on 29 Jul 2021
Best known to Hong Kong travellers for its skiing, Hokkaido offers cruising sailors and visiting superyachts some fascinating stops and sights along its coastline, despite occasionally having to dodge the Russian navy
Cape Kamui, Shakotan Peninsula, Hokkaido
Say Japan and most people think of ancient temples and shrines, samurai castles dotting the landscape, or perhaps the vast urban agglomeration that stretches from Tokyo to Osaka, with robot-driven factories and breathtaking nightlife.
But one part of Japan fits none of the stereotypes, and that is the northernmost island of Hokkaido. Occupied by the Ainu aboriginal people since time immemorial, Hokkaido was only incorporated into Japan in 1869, and its development in the late 19th century imitated the settlement and land-use patterns typical in frontier countries like the United States, Canada, and Australia.
Today, Hokkaido’s economy is based primarily on farming, fishing, forestry and now, tourism. The island, Japan’s second-largest, welcomes visitors from “mainland Japan” attracted by its cool summers (and lack of rainy season), wide-open spaces (by Japanese standards), and unique history and culture.
The number of foreign tourist arrivals to Hokkaido has exploded in the past ten years, driven primarily by the skiing in Niseko. In 2020, Sapporo became a candidate city to host the 2030 Winter Olympics.
Very few foreign cruisers visit Hokkaido, and those that do use it as a jumping-off point for going to Alaska. But cruising sailors and superyachts making the journey across the Pacific should consider spending some time on this intriguing island. After a ten-week circumnavigation of Hokkaido, I think it is a marvellous cruising ground.
After a ten-week circumnavigation of Hokkaido, I think it is a marvellous cruising ground
Matsumae Castle, the northernmost castle in Japan
Cruising Hokkaido does present challenges. The eastern part of the prefecture is often blanketed in thick fog, and it can be quite cold, even in summer. Most of the fishing ports are rather rough.
Heading toward Hokkaido from the south, it is best to go along the Sea of Japan coast rather than the Pacific Ocean coast. There are better mooring opportunities, more interesting history and culture, more favourable currents, less fog, less shipping traffic, and of course, better sake! If one wants to circumnavigate Hokkaido, it is better to go clockwise (as I discuss here), and so approaching from the Sea of Japan makes sense.
Heading north along the western coast, the first port one comes to is Matsumae, home of the Matsumae clan, which controlled Hokkaido on behalf of the national government from the 16th century to the 18th century. For a nominal fee, one can moor in the fishing port. Although the port is rather far from town, it is worth visiting the beautiful castle and other reminders of Matsumae’s role as Hokkaido’s first capital.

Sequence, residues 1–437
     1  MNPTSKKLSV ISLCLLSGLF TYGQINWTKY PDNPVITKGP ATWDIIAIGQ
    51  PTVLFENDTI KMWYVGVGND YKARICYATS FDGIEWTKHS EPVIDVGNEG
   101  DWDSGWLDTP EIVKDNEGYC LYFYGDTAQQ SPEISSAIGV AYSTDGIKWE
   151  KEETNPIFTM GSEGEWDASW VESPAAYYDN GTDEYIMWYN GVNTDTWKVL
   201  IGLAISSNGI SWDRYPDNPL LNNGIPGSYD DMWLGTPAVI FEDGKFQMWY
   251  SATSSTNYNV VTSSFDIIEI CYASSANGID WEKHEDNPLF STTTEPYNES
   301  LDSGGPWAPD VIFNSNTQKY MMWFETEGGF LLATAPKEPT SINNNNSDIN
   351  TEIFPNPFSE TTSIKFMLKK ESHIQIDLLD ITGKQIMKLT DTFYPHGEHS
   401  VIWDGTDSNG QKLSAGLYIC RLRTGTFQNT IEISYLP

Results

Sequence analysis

A bit further north is the fishing port of Esashi, which prospered from the herring trade in the 16th to early 19th centuries. Many of the houses of the wealthy merchants from that era are now tourist sites open to the public.
It is best to go along the Sea of Japan coast rather than the Pacific Ocean coast. There are better mooring opportunities, more interesting history and culture, more favourable currents, less fog, less shipping traffic, and of course, better sake!
The Otaru canal
Off the southwest coast of Hokkaido is the island of Okushiri. It offers good, free moorage and is a wonderful place to explore by rental scooter. A road runs around the perimeter of this ruggedly beautiful island, and along the way you will pass a winery, a nine-hole golf course, and a hot-spring bath.
From Okushiri, you can harbour-hop north, going around Shakotan Peninsula (very windy at times) to Otaru Marina, the largest and best marina in Hokkaido and, in fact, anywhere north of Tokyo. Otaru was Hokkaido’s business and financial centre for the first half of the 20th century, with vibrant trading, fishing, and coal-mining industries.
Today, with many well-preserved buildings and facilities from that era, tourism is the city’s main industry. The Otaru train station is only a ten-minute walk from the marina, so you can leave your boat there while you visit the capital city of Sapporo and explore other parts of inland Hokkaido.